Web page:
Deflation fears were highlighted by ECB boss Wim Duisenberg
The European Central Bank has slashed interest rates in the 12-nation eurozone by half a percentage point to 2%, in the face of fears of deflation and renewed recession.
The decision marks a radical departure from the ECB’s usually cautious stance, but was widely predicted in Europe and elsewhere after the eurozone failed to grow at all during the first three months of the year.
Economists have pointed to recent statements by ECB President Wim Duisenberg, particularly at a central bankers’ conference earlier this week in Berlin, that inflation was set to fall “more significantly” in 2004.
“Joy at last,” said David Brown, chief economist at Bear Stearns in London.
“The ECB was getting well behind the curve in terms of what’s needed to re-stimulate recovery.”
The ECB’s brief is solely to fight inflation, but fears of deflation – where prices fall and the economy stagnates, as in Japan – have encouraged central bankers to seek bolder action.
The rapid strengthening of the value of the euro to almost $1.20 has also contributed to expectations of a hefty rate cut, in the hope of protecting European exporters by massaging the currency lower and making borrowing for investment cheaper.
The new level of 2%, as Mr Duisenberg pointed out at an afternoon news conference, is lower than at any time anywhere in Europe since World War II.
The euro rose 2% against the dollar following the decision, reaching $1.1888 in New York trade, before falling back to $1.1839.
European stock markets initially responded with vigour to the decision, with both France’s Cac 40 index and Germany’s Dax coming off earlier falls and heading towards positive territory.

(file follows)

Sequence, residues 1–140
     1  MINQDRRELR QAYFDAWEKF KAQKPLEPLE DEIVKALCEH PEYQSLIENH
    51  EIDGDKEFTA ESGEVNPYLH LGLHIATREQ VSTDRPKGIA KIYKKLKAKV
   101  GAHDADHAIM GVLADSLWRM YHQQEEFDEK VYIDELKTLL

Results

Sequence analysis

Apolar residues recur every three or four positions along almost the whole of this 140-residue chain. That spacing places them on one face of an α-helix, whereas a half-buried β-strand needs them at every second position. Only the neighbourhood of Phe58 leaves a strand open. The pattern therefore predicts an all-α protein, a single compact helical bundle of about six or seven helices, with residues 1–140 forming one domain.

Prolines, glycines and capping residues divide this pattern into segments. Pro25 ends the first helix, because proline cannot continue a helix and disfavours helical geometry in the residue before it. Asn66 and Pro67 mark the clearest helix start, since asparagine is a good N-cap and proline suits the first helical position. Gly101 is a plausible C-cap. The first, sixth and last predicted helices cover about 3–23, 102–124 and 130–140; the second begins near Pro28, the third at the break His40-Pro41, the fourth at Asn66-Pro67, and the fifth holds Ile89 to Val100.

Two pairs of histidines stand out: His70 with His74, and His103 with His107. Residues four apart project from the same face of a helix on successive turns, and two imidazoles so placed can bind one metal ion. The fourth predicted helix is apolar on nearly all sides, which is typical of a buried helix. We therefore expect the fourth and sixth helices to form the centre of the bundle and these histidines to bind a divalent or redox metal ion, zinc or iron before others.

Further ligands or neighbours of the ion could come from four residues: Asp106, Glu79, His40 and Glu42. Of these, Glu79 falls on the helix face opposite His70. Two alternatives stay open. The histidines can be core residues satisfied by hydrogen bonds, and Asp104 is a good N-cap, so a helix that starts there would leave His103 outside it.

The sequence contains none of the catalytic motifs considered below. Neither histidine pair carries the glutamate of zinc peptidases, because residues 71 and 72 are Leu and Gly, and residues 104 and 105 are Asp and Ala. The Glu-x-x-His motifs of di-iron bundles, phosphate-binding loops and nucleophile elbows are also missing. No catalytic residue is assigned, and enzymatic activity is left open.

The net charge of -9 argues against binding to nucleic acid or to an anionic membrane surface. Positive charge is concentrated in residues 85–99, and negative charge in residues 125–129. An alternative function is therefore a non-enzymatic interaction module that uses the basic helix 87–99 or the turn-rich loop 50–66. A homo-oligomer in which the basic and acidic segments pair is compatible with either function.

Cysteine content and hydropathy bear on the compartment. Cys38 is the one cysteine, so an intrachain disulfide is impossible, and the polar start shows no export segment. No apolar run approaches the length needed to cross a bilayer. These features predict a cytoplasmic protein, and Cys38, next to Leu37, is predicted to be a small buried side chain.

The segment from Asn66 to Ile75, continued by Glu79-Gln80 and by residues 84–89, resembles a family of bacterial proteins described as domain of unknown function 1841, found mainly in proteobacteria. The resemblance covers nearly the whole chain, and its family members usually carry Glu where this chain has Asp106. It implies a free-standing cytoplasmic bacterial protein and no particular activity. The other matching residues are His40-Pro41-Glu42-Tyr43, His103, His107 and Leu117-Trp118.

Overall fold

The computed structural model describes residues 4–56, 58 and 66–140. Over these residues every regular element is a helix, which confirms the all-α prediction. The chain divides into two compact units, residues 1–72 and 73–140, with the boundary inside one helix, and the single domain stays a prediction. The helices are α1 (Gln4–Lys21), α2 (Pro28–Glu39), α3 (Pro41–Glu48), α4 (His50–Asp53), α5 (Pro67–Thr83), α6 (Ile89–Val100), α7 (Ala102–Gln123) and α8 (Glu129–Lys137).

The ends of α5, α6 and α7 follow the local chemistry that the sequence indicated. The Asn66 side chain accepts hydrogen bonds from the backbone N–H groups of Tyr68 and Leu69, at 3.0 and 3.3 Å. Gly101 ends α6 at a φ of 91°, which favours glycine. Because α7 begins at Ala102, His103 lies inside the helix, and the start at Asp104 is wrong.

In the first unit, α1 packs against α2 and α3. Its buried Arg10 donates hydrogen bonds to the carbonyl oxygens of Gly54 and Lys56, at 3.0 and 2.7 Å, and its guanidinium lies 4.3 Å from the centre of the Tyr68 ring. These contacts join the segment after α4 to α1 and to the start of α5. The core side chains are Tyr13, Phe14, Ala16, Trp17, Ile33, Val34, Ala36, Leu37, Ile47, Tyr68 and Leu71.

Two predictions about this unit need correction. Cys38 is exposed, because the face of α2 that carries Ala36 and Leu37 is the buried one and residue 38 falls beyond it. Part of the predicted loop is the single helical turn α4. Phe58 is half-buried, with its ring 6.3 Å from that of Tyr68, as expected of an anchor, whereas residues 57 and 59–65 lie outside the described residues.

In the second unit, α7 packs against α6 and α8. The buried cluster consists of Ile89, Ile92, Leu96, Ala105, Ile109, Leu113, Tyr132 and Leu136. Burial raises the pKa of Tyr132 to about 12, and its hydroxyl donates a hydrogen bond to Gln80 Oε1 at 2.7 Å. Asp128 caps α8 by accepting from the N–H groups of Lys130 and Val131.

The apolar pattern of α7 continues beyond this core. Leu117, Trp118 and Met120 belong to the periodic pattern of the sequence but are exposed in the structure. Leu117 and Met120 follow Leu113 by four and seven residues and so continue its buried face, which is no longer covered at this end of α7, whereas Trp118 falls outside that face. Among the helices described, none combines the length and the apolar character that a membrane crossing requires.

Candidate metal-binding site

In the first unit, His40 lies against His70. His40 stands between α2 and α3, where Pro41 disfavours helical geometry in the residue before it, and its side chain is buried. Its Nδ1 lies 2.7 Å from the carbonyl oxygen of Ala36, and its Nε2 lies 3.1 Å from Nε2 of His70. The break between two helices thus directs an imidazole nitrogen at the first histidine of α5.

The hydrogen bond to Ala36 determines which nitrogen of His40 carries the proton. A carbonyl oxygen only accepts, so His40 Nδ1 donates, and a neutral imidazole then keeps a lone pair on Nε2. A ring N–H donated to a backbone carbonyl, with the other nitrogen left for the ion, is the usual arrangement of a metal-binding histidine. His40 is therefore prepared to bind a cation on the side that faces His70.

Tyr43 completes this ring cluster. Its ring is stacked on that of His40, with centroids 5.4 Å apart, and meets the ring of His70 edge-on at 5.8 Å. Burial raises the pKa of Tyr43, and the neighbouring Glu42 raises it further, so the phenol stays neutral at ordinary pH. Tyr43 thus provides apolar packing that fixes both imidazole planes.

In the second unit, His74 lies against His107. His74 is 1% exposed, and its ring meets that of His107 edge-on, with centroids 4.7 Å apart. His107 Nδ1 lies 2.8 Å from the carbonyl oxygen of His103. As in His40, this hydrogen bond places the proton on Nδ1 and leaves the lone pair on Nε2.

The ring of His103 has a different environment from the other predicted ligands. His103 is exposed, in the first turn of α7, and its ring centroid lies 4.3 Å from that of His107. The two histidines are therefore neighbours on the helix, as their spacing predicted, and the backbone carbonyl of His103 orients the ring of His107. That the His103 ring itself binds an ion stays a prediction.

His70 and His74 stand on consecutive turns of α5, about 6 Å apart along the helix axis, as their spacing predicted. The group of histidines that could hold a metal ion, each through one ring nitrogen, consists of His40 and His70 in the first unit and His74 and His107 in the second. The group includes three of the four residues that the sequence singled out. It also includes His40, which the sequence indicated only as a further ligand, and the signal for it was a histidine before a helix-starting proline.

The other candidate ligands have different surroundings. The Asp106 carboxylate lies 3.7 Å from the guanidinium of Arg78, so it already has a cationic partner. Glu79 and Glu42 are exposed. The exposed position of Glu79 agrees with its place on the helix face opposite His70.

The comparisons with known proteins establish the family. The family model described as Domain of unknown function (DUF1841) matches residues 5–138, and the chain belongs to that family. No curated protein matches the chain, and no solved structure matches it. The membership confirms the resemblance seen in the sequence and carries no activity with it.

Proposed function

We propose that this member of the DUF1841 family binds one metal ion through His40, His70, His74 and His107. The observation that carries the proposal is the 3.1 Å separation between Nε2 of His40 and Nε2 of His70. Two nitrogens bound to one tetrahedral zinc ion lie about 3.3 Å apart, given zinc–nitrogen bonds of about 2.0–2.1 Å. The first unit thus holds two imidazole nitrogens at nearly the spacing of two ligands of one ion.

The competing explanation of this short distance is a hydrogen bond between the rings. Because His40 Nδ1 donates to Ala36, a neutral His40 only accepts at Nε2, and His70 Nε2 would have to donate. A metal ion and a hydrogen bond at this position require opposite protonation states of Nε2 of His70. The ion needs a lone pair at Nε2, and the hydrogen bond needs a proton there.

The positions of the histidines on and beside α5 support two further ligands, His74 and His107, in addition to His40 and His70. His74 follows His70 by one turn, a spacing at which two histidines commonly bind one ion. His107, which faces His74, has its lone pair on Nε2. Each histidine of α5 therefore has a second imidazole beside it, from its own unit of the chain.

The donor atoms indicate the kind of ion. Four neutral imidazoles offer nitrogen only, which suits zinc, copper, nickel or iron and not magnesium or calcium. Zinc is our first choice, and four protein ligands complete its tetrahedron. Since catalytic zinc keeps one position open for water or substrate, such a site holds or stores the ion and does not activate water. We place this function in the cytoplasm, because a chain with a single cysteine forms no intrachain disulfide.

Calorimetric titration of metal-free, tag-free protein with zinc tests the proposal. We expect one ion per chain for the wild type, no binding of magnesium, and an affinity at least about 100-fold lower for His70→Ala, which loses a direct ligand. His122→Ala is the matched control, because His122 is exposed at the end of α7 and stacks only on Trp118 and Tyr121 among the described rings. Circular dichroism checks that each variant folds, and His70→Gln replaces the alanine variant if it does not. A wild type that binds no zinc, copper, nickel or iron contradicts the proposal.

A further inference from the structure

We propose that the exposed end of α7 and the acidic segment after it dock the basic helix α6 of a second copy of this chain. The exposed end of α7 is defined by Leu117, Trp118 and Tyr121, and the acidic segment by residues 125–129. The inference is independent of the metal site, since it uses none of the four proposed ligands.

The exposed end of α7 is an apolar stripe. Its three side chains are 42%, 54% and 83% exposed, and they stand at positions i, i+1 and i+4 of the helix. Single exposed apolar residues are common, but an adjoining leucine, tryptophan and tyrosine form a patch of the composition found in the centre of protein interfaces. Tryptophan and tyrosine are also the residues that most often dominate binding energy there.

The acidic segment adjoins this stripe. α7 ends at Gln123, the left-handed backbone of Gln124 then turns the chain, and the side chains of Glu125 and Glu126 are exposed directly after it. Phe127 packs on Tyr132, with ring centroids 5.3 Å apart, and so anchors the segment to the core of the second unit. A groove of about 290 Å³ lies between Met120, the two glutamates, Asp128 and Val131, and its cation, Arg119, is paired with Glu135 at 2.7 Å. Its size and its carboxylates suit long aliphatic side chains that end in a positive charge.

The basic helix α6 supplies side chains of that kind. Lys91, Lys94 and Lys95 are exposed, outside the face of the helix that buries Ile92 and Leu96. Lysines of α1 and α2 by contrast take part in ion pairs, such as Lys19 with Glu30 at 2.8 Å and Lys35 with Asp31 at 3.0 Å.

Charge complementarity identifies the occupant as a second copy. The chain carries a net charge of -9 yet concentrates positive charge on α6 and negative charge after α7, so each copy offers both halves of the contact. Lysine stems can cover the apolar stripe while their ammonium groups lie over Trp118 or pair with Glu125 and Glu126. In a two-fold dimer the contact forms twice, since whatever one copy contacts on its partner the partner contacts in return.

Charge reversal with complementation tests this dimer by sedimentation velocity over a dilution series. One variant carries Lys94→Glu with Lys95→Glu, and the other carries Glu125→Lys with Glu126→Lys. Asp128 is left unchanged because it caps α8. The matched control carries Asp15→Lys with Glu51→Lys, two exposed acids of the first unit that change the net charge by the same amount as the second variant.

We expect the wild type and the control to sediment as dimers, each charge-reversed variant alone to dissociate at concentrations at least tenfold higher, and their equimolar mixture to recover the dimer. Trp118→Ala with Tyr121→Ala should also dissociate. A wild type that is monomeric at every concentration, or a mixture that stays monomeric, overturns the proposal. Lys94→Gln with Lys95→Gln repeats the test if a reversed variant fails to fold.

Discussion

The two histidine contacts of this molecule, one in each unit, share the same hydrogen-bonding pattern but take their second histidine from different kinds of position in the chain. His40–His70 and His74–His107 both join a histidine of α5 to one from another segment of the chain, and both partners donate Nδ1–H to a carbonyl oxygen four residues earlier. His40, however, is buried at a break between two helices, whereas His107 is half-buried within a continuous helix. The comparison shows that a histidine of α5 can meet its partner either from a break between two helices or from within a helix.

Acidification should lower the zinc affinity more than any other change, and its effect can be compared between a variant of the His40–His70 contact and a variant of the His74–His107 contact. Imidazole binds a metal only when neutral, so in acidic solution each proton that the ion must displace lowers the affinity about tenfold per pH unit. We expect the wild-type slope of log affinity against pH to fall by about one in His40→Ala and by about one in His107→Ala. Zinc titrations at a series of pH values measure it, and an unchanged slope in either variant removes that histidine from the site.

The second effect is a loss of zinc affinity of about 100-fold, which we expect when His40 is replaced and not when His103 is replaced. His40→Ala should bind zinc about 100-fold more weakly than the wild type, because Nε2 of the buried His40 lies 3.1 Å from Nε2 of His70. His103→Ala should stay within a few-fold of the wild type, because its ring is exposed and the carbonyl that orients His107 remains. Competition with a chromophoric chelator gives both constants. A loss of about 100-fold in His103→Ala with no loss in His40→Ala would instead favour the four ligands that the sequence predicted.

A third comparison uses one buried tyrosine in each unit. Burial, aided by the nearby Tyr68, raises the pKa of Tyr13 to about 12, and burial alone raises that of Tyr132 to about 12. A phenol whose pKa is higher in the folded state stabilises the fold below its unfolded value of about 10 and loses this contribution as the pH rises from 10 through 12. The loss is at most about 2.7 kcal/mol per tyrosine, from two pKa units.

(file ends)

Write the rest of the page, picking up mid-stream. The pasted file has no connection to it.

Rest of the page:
But the rally was limited by concerns about the US economy as well as the fear that the ECB will now sit on its hands.
In the end, the Cac 40 closed down 29.78 points at 3,034, while the Dax ended 40.26 points lower at 3,039.76.
“The rate cut… was an imperative necessity. Now we are waiting for the comments to see if they will leave the door opened for further cuts,” said SocGen Euroland economist Veronique Riches-Flores.
“I don’t think they will and they probably made a big cut today to put an end to anticipation of new cuts.”
Earlier on Thursday, Sweden’s central bank cut its rates by half a percentage point to 3%.
But the UK’s Bank of England decided to stick fast, keeping UK rates at 3.75%.
Even though most forecasters had agreed that a 50 basis point (bp) cut was the best outcome, the ECB’s record of extreme caution had led many to fear a different outcome.
“Like many, we expect a 50bp cut, but the ECB is a proven master of disappointment,” Nomura economist Anais Faraj wrote on Thursday morning.
But in the event, the smoke signals emanating from Frankfurt turned out to be accurate.
“Duisenberg would not have been as forthright and clear if (Chief Economist Ottmar) Issing and (Vice-President Lucas) Papademos were not on board,” said Jonathan Hoffman, economist at RBS Financial Markets in London.